Letter reveals that there is a Nazi treasure hidden under a palace in Poland

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Xxkazik / Wikimedia

Treasure hunters are planning to dig up what they believe to be 48 Nazi gold boxes worth € 579 million in a palace used by the SS – Hitler’s paramilitary organization – as a brothel.

With this excavation, which begins next week, treasure hunters hope to find 10 tons of gold, along with other valuables, on the grounds of the 18th century palace in the southern Polish village of Minkowskie.

The treasure is said to have been stolen by order of the SS chief Heinrich Himmler at the end of World War II to establish a Fourth Reich.

According to the British newspaper Daily Mail, is believed to include the so-called “Breslau Gold”, which has disappeared from police headquarters in the current Polish city of Wrocław.

It is also thought to include jewelry and valuables from the private collections of wealthy Germans who lived in the region and who surrendered their possessions to the SS to avoid being stolen by the advancing Red Army.

The supposed location of the treasure was revealed by secret documents, O diary of an SS officer and a Map that treasure hunters received from the descendants of officers, belonging to a secret store that dates back more than 1,000 years.

Among the documents is a letter from a senior SS officer named von Stein to one of the women who worked at the palace in Minkowskie and who later became his mistress.

“My dear Inge, I will do my job, with the will of God. Some transports were successful. The remaining 48 heavy chests of the Reichsbank and all family chests are hereby entrusted to you. Only you know where they are located. May God help her and help me to fulfill my task ”, he wrote.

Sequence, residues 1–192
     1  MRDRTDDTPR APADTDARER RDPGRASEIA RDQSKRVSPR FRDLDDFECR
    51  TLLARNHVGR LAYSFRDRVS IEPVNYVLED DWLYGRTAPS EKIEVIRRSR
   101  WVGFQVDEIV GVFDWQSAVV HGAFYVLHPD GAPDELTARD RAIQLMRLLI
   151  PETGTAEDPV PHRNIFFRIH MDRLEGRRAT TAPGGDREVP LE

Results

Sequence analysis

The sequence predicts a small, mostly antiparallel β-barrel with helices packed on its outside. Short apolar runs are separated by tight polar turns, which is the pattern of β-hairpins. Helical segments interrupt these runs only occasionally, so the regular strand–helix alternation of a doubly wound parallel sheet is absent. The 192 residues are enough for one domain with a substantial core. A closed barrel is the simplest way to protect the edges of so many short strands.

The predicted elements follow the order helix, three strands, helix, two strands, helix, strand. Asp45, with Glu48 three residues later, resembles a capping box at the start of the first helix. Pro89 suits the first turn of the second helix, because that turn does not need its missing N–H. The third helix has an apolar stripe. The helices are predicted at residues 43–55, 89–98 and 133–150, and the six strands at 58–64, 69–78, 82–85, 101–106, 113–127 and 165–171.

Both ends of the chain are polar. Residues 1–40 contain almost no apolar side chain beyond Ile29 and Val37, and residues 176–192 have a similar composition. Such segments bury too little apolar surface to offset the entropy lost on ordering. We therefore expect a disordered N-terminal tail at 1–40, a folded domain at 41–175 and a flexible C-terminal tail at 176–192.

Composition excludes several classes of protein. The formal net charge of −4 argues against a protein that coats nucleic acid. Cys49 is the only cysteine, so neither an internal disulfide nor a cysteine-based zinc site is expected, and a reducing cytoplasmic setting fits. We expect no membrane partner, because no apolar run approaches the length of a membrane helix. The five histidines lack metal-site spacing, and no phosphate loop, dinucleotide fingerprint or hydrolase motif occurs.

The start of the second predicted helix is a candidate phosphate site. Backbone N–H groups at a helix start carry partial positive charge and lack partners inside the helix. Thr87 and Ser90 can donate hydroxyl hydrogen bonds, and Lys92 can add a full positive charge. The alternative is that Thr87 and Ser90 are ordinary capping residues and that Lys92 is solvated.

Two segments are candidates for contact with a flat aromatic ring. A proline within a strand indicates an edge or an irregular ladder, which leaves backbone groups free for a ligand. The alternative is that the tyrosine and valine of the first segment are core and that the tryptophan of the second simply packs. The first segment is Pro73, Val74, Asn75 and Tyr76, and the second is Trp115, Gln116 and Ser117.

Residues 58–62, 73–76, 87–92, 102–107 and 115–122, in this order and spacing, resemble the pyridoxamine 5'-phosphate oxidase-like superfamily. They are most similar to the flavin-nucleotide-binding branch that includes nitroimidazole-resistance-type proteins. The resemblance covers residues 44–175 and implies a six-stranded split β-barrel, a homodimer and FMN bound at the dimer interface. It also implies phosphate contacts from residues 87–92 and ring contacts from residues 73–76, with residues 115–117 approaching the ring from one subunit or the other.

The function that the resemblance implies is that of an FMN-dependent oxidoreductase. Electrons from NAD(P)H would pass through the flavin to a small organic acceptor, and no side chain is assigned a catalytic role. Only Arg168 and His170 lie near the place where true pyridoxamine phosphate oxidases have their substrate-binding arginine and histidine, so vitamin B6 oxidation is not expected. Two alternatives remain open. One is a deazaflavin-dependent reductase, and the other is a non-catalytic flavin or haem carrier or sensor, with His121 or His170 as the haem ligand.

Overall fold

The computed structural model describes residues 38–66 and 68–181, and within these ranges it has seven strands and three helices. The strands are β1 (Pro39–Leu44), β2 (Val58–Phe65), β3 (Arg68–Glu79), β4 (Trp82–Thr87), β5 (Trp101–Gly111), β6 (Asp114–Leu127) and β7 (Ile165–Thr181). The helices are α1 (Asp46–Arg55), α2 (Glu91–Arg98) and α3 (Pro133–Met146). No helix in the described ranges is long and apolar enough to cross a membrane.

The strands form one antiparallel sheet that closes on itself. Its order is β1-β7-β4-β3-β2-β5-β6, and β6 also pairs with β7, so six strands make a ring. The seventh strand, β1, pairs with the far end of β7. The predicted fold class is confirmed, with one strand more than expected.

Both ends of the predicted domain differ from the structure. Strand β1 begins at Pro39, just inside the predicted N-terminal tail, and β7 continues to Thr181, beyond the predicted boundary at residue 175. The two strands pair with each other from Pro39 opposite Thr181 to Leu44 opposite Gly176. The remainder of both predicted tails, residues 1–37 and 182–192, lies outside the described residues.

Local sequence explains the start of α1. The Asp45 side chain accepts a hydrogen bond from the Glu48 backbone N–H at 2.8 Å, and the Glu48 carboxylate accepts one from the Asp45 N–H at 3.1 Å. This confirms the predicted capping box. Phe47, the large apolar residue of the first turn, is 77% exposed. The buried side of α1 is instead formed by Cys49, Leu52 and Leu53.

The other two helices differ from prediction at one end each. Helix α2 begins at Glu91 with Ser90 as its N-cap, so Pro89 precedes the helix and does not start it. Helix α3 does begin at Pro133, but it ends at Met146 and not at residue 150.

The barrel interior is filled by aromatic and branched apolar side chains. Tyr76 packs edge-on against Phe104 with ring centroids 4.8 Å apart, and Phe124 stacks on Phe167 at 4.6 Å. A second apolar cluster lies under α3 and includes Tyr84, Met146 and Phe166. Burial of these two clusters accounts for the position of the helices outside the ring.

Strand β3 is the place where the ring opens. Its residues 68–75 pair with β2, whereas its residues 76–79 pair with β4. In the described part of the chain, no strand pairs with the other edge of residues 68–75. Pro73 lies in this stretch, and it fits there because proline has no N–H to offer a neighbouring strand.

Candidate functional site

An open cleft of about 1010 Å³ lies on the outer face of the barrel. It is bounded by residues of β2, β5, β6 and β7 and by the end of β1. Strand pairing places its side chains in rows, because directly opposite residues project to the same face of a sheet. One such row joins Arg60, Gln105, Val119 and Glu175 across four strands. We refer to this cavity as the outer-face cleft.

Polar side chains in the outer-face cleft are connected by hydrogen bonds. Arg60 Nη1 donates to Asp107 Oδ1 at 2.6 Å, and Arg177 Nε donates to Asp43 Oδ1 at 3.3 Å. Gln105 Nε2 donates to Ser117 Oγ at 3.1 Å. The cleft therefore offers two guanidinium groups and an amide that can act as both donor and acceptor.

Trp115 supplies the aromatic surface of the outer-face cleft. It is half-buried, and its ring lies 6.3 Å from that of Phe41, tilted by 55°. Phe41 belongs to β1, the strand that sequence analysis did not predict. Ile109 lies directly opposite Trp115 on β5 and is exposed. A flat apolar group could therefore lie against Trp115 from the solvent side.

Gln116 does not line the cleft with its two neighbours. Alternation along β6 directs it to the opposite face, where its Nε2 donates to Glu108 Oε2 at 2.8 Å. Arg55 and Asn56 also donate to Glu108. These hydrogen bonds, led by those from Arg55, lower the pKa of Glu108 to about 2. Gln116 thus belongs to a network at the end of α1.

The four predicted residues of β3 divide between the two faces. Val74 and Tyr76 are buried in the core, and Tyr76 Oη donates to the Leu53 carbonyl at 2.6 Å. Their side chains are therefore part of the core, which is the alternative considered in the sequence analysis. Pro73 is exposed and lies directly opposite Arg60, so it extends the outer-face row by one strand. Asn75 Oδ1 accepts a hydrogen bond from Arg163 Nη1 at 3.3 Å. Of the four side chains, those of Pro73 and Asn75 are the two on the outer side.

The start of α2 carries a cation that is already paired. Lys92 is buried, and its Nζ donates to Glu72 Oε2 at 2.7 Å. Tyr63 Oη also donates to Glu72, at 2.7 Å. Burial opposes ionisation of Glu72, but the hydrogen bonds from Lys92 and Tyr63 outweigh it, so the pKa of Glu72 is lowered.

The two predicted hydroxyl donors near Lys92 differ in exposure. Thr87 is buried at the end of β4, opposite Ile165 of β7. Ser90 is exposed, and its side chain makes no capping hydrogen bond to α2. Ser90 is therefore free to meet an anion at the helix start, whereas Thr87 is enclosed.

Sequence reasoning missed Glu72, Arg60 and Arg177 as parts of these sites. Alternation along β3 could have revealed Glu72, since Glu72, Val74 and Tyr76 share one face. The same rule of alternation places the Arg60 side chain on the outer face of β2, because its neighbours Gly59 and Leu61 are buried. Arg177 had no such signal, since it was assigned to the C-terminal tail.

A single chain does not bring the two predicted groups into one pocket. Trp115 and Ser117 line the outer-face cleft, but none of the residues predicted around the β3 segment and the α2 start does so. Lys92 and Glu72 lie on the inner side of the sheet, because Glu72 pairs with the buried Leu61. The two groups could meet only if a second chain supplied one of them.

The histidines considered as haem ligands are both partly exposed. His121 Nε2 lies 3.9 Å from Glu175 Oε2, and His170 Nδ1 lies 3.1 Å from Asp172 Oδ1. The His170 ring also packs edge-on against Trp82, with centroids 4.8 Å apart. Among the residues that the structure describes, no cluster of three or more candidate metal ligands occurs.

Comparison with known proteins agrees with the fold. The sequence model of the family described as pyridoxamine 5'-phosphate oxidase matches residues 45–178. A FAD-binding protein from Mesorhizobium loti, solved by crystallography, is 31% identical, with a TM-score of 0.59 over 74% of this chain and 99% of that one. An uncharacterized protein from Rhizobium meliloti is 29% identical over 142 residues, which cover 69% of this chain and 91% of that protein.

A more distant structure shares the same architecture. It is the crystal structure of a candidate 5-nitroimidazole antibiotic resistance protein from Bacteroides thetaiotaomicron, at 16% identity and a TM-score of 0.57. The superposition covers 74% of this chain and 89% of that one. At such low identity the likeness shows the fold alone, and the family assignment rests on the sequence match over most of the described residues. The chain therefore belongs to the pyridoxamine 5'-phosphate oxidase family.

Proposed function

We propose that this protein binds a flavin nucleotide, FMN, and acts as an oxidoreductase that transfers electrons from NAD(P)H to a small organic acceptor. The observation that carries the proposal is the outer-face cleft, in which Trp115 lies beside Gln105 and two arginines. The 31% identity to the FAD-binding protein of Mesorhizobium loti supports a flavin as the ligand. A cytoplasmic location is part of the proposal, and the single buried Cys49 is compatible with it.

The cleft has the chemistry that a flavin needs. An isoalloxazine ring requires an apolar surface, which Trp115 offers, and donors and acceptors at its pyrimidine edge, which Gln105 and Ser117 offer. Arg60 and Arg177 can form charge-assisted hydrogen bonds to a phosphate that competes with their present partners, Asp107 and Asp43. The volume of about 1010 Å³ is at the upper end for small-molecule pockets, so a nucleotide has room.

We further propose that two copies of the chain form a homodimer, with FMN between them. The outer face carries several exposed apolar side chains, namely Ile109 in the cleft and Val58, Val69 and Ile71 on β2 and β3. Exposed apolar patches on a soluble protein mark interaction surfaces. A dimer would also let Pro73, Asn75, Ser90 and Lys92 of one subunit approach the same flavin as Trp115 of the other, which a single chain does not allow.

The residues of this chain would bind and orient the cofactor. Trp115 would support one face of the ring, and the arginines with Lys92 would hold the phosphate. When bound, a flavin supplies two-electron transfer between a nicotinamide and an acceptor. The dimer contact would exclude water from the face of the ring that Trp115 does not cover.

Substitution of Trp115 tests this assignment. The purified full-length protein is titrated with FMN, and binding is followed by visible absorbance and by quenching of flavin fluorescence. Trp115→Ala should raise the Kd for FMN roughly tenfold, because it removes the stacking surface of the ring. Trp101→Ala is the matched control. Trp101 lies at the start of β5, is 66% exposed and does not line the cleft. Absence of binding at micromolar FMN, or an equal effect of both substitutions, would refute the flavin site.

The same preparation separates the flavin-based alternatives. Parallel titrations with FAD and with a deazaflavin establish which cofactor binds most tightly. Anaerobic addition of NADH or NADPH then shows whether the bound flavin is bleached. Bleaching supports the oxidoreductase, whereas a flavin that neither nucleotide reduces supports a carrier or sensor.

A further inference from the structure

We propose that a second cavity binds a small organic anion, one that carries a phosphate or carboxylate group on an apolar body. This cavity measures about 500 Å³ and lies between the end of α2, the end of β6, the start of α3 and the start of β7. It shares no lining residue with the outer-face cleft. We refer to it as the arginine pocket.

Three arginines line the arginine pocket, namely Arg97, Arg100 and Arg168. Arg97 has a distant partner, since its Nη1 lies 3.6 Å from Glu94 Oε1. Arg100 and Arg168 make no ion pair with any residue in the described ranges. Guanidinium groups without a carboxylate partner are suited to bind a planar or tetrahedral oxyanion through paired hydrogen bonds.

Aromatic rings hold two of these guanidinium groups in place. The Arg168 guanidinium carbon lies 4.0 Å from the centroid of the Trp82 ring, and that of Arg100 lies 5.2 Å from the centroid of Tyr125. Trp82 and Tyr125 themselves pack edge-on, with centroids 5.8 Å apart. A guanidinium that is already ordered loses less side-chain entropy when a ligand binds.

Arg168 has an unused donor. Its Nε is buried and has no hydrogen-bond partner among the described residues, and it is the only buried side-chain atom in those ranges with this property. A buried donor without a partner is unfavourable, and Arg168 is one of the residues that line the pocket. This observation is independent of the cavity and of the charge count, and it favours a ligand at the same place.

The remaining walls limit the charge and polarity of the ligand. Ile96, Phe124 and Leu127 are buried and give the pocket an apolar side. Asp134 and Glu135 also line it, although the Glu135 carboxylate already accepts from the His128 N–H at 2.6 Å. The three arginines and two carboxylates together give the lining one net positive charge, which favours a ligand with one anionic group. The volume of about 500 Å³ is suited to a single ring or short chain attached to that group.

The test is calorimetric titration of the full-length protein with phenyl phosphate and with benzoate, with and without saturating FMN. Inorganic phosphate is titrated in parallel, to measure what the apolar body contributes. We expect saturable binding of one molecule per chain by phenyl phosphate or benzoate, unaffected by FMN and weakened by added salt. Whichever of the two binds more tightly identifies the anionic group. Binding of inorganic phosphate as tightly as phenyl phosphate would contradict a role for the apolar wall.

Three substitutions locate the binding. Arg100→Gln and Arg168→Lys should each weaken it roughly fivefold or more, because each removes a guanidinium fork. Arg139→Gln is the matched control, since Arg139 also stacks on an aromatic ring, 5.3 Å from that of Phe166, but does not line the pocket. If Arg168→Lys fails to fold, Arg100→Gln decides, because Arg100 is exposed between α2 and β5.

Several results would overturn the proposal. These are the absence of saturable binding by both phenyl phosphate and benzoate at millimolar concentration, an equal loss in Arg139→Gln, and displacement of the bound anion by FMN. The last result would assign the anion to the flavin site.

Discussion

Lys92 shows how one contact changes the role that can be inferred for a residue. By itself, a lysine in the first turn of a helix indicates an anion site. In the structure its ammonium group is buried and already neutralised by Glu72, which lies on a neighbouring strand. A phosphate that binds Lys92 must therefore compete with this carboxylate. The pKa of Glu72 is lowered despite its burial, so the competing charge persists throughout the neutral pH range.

The pencil-written pages of the diary identify 11 locations in Lower Silesia, which, before and during the war, was German territory.

“A trough was dug in the orange grove, which is a safe home for the delivered chests and containers. The 48 chests of the Reichsbank, in good condition, were hidden, very well covered with earth and green with plants still alive, ”reads a page dated March 12, 1945.

A diary, allegedly written by a senior SS official under the pseudonym of Michaelis, revealed last year the location of another palace in the region, where 28 tons of treasures are believed to be buried at the bottom of a well.

However, treasure hunters will start digging at the new location because, according to them, it is easier to access this treasure.

“Several people participated in the stash of the deposits in Minkowskie. One of them was an officer named von Stein. He used to stay in the palace because he had a mistress there. Because of its location, it was frequently visited by high ranking SS officers, who treated it like a brothel, ”he said. Roman Furmaniak, head of the foundation of the Bridge of Silesia.

Inge was the guardian appointed by von Stein to keep an eye on the hiding place. “I was in love with the handsome officer in a black SS uniform. They were like gods, ”he continued. “I believed that I would have to stay there for a year, maybe two, and then it would be over. Nobody believed then that the region would be under the control of the Soviet Union ”.

At the end of the war, the region was handed over to the new Soviet-controlled Poland, the entire German population was expelled, and Poles who lived in Western Ukraine arrived.

To blend in with the new population, Inge changed her appearance and identity, married a local man and continued to watch over the treasure until his death, 60 years later.

“The recovery of lost works of art and their return to their rightful owners can become a catalyst for changes aimed at bringing about unity – not polarization. This notion guides our mission. We have all the necessary licenses to carry out this work. We are always cooperating with the Ministry of Culture and the heritage conservator ”, concluded Furmaniak.

Maria Campos Maria Campos, ZAP //